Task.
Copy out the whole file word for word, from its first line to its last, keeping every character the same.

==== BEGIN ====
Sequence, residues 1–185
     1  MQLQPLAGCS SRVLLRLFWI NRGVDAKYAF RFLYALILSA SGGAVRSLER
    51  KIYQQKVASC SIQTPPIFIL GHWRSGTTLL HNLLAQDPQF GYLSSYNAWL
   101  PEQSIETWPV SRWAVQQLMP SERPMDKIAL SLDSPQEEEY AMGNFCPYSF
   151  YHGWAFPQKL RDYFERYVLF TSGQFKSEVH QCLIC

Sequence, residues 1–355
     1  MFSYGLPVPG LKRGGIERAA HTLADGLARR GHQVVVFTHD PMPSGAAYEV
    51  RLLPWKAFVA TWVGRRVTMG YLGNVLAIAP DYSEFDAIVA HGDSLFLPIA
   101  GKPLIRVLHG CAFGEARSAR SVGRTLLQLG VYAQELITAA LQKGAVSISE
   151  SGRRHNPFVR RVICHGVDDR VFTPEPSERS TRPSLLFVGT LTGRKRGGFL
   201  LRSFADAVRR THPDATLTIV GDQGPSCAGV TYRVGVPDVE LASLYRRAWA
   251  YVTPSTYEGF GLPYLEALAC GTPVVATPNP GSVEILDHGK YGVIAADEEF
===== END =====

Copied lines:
Sequence, residues 1–185
     1  MQLQPLAGCS SRVLLRLFWI NRGVDAKYAF RFLYALILSA SGGAVRSLER
    51  KIYQQKVASC SIQTPPIFIL GHWRSGTTLL HNLLAQDPQF GYLSSYNAWL
   101  PEQSIETWPV SRWAVQQLMP SERPMDKIAL SLDSPQEEEY AMGNFCPYSF
   151  YHGWAFPQKL RDYFERYVLF TSGQFKSEVH QCLIC

Sequence, residues 1–355
     1  MFSYGLPVPG LKRGGIERAA HTLADGLARR GHQVVVFTHD PMPSGAAYEV
    51  RLLPWKAFVA TWVGRRVTMG YLGNVLAIAP DYSEFDAIVA HGDSLFLPIA
   101  GKPLIRVLHG CAFGEARSAR SVGRTLLQLG VYAQELITAA LQKGAVSISE
   151  SGRRHNPFVR RVICHGVDDR VFTPEPSERS TRPSLLFVGT LTGRKRGGFL
   201  LRSFADAVRR THPDATLTIV GDQGPSCAGV TYRVGVPDVE LASLYRRAWA
   251  YVTPSTYEGF GLPYLEALAC GTPVVATPNP GSVEILDHGK YGVIAADEEF